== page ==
FORMER Newcastle lord mayor John Tate has weighed into the art gallery quarrel, disputing his successor Jeff McCloy’s account of events and backing gallery director Ron Ramsey.
Cr Tate, who said he had deliberately stayed out of public debates since standing down from the council in September last year, said he was speaking out for those who could not do so themselves, including Mr Ramsey.
His wife Cathy was more of a gallery buff than he, but he knew many of the people involved and also stood by the chairman of the gallery’s fund-raising foundation, Dr Rob Henderson, who had clashed with Cr McCloy repeatedly over the gallery, Cr Tate said.
As the Newcastle Herald reported yesterday, a question in State Parliament asked by Labor MLC Peter Primrose lifted the lid on an issue that had simmered for nearly three years, after Cr McCloy’s company, McCloy Group, proposed a public art program to the council in January 2011.
Cr McCloy has confirmed he was unhappy with the way the gallery and the council dealt with his desire to donate a $50,000 artwork to the city.
But he denies the saga had any impact on the restructure of council senior management, which includes a shake-up at the top of the gallery.
He has justified the decision not to proceed with the gallery expansion, saying the council has more pressing financial concerns at the moment.
But Mr Tate said the decision not to proceed with the expansion, together with the plan to merge the management of the gallery with Newcastle Museum, effectively ‘‘trashed the gallery’’.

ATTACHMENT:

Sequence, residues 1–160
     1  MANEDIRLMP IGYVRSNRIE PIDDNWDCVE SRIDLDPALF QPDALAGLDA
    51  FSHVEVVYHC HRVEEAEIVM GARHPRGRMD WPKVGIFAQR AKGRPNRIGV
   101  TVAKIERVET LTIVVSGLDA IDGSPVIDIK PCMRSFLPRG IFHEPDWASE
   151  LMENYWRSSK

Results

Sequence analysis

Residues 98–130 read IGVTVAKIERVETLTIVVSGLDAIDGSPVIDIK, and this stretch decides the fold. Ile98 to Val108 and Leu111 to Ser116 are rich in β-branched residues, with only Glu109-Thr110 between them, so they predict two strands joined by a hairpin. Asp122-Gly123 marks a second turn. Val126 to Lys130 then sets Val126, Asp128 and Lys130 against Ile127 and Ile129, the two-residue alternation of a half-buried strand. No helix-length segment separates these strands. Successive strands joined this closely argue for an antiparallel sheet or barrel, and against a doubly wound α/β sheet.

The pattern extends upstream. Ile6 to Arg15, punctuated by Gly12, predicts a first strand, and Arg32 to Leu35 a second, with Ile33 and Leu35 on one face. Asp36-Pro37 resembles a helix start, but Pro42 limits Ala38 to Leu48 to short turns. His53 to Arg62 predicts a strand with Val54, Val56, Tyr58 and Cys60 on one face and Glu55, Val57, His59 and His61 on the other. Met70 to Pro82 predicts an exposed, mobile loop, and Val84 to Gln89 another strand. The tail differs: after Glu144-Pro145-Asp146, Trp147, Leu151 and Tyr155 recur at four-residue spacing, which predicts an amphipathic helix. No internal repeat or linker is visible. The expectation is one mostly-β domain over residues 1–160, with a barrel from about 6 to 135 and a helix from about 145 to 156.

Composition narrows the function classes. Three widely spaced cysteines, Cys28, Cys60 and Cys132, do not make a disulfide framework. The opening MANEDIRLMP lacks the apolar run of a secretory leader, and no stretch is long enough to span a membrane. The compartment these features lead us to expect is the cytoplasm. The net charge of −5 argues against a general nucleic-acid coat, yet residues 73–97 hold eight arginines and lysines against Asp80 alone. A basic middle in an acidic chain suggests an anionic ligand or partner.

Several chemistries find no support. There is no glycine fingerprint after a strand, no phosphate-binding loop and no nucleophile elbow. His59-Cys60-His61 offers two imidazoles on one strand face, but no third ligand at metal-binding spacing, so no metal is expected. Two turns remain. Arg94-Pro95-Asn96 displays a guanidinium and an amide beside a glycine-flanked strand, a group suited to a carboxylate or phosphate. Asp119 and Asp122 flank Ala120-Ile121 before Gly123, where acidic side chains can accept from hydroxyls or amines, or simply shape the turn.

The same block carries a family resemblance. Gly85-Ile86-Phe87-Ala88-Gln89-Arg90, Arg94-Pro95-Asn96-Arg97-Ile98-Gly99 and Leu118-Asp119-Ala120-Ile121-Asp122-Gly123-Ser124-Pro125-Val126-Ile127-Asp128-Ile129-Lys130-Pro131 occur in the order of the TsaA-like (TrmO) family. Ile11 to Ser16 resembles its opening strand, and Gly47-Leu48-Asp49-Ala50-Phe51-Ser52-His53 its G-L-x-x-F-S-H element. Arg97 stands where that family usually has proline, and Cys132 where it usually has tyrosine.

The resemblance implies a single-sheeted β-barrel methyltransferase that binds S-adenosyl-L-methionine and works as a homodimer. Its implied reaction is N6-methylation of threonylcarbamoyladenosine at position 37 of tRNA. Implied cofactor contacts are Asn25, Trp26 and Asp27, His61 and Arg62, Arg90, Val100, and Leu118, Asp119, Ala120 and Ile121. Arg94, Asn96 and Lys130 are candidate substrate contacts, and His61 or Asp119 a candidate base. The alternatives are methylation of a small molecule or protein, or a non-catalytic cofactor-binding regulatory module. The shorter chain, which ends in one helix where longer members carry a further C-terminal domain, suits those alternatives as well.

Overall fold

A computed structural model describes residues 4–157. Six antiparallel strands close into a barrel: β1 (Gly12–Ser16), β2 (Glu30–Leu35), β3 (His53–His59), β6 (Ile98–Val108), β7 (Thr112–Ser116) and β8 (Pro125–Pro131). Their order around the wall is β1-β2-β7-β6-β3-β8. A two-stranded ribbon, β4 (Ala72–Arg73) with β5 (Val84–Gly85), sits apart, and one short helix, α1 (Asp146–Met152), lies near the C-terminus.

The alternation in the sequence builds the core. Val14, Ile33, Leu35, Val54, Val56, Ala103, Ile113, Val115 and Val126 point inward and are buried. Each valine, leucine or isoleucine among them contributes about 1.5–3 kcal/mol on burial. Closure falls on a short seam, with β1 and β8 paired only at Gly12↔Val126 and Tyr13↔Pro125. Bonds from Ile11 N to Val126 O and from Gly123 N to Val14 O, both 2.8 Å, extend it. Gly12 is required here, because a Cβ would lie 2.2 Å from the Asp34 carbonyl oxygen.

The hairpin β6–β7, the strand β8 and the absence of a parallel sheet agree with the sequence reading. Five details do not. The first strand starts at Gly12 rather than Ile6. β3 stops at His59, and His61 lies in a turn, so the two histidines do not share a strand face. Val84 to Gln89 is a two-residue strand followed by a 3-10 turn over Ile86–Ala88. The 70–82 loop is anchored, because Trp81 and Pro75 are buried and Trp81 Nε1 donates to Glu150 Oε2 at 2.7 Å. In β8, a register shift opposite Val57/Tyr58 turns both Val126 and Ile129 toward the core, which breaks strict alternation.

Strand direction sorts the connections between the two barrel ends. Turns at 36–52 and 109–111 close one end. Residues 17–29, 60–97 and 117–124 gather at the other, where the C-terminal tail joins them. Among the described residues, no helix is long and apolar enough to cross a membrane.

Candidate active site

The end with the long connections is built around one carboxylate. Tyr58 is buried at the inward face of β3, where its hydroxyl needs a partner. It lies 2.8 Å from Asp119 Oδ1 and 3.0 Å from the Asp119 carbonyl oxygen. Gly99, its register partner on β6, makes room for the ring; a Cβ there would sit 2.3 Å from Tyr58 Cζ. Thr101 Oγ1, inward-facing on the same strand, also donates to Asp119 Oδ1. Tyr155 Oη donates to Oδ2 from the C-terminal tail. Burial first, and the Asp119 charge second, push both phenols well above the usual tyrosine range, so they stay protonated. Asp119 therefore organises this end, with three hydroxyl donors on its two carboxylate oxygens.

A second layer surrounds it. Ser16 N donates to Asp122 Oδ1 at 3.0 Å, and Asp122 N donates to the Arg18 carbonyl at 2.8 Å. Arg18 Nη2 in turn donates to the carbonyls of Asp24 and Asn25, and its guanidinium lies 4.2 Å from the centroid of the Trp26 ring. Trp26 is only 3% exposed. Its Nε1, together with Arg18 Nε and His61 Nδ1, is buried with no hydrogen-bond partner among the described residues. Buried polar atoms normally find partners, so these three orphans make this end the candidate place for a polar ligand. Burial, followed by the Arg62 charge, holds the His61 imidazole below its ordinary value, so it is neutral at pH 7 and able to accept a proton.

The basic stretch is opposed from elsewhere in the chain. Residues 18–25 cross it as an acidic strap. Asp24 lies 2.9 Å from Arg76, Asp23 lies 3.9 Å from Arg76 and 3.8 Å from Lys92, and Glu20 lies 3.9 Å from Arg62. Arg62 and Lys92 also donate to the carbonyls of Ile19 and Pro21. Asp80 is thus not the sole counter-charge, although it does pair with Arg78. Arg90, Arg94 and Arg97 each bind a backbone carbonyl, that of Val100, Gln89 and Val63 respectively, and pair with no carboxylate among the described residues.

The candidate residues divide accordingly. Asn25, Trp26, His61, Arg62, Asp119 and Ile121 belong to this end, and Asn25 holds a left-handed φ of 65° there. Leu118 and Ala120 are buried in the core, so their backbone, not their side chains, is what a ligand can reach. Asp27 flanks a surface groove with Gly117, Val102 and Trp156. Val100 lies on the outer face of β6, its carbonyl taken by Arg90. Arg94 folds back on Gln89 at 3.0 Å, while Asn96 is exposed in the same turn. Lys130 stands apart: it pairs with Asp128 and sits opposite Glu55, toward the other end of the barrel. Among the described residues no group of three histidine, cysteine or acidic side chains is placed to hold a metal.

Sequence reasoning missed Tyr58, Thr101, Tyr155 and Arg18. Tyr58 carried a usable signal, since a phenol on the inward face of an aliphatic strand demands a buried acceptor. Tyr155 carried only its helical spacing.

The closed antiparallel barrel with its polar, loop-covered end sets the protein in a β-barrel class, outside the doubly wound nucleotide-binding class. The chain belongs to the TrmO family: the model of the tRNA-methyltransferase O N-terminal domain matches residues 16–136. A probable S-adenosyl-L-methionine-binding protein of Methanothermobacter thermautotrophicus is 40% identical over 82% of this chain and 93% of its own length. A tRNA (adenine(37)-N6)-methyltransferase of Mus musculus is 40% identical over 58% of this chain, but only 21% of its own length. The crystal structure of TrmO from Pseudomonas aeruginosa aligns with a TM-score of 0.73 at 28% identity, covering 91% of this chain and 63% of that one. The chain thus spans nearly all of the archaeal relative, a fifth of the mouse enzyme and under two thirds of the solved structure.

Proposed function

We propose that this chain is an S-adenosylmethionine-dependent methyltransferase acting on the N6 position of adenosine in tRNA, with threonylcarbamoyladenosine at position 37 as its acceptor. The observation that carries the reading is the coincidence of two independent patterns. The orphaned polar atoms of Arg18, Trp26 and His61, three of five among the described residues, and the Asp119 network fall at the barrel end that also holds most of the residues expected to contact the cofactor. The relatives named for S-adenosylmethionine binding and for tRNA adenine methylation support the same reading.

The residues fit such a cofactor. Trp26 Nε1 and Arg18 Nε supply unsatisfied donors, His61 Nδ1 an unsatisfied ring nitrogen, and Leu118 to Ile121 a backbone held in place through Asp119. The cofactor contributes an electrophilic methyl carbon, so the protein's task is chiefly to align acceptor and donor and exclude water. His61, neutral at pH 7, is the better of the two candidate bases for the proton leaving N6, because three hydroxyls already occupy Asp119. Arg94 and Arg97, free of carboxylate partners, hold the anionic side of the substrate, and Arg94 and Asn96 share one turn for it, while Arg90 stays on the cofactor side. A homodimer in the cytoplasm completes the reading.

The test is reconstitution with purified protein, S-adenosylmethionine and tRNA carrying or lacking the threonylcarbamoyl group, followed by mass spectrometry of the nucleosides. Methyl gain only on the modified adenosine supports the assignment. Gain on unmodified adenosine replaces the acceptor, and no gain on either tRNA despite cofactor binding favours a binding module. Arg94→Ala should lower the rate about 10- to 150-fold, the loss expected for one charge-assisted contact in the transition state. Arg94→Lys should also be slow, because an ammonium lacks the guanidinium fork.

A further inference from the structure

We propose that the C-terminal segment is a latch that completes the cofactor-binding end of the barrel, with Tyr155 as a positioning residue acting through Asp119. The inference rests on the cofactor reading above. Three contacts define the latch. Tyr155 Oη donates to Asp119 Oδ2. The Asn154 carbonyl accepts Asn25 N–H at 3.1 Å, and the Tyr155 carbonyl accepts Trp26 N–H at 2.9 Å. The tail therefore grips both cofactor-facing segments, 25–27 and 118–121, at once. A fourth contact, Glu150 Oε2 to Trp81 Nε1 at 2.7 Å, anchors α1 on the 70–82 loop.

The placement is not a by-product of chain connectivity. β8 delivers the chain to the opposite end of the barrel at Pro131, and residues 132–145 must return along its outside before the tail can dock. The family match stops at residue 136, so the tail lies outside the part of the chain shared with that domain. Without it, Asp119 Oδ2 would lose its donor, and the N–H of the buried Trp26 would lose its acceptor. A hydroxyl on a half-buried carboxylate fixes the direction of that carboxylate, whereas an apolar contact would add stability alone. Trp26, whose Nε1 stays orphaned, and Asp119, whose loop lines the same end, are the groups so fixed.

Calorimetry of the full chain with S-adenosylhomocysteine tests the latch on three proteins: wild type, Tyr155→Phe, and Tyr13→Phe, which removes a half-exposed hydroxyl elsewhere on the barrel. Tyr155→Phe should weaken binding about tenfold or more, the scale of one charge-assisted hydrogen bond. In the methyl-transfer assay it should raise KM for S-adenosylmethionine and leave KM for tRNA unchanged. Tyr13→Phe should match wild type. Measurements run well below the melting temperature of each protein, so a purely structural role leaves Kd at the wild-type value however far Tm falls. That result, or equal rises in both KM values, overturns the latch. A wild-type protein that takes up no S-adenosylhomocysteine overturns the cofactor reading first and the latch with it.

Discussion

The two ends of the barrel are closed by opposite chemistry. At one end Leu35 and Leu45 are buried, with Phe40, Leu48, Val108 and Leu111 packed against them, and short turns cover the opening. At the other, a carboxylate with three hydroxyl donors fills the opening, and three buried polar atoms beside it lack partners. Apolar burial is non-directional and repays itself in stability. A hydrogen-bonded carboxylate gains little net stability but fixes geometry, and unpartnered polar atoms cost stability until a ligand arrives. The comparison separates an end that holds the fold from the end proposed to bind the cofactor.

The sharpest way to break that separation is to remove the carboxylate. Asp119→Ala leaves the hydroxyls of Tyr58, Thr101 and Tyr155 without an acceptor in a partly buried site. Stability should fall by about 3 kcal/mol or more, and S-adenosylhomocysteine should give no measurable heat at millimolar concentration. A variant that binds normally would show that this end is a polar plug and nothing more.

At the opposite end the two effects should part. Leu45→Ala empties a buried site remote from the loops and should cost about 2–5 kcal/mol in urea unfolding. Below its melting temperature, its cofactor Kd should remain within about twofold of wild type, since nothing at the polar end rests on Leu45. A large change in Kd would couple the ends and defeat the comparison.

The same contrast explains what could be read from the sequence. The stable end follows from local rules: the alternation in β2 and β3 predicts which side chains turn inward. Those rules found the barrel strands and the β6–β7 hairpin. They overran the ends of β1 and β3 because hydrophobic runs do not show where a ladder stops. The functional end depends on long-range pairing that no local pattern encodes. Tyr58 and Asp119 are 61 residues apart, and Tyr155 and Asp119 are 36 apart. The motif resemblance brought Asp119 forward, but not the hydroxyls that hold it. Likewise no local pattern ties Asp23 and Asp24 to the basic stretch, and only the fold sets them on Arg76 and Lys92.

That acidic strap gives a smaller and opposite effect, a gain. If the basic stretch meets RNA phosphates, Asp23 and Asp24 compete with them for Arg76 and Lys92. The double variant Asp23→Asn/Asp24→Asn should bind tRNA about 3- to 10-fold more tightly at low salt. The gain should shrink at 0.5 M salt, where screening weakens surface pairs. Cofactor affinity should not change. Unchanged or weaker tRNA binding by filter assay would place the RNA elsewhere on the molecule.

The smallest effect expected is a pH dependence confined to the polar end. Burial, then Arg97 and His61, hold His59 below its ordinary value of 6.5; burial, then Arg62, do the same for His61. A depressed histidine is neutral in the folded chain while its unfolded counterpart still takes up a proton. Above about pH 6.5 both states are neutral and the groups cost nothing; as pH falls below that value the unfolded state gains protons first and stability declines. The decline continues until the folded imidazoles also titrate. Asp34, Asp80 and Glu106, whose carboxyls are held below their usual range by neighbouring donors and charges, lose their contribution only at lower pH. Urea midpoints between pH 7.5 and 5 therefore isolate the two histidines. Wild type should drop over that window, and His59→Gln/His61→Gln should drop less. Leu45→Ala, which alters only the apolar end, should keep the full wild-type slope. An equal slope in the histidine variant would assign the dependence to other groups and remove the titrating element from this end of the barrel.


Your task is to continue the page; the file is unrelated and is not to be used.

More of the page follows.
‘‘Every incoming council has to consider its structure and you have to consider the advice of the general manager. I accept that, but the gallery director is such a specialised and important job that it should not have been lumped in with a restructure of the council’s senior management team,’’ Mr Tate said.
‘‘First they’re not going to expand the gallery, then they virtually chuck the director out. How much more do you have to do to trash the place?’’
Cr McCloy has also criticised the previous council and the gallery over a blowout in its costs, which he said went from $21million to at least $28.7million and probably higher.
But Mr Tate said at least some of the extra costs were ‘‘loaded into the gallery expansion’’ from the program to overhaul Laman Street.
The basic $21-million program involved a three-way funding split between the council and the state and federal governments, but Mr Tate said the council had enough money to fund $14million of the cost.
He said the Independent Pricing and Regulatory Tribunal had granted the council a permanent 5per cent rate levy that was supposed to go towards ‘‘nine or 10 capital works programs, of which the gallery was No.1’’.
Cr Tate also said he believed the council’s financial position was ‘‘not as bad as is now being made out’’.
Responding to Mr Tate’s comments, Cr McCloy said: ‘‘‘It’s not appropriate for me to comment on Mr Tate’s time as lord mayor.
‘‘As current lord mayor, I stand by the decisions the current council has made after careful consideration and due process.’’
In a letter to the then arts minister, Simon Crean, in March this year, Cr McCloy listed his financial objections to the art gallery project, which he said was only at ‘‘sketch plan’’ stage despite 10 years’ work and more than $2million in spending.
‘‘My experience as a property developer lets me know the art gallery ... plans have been handled badly,’’ Cr McCloy wrote.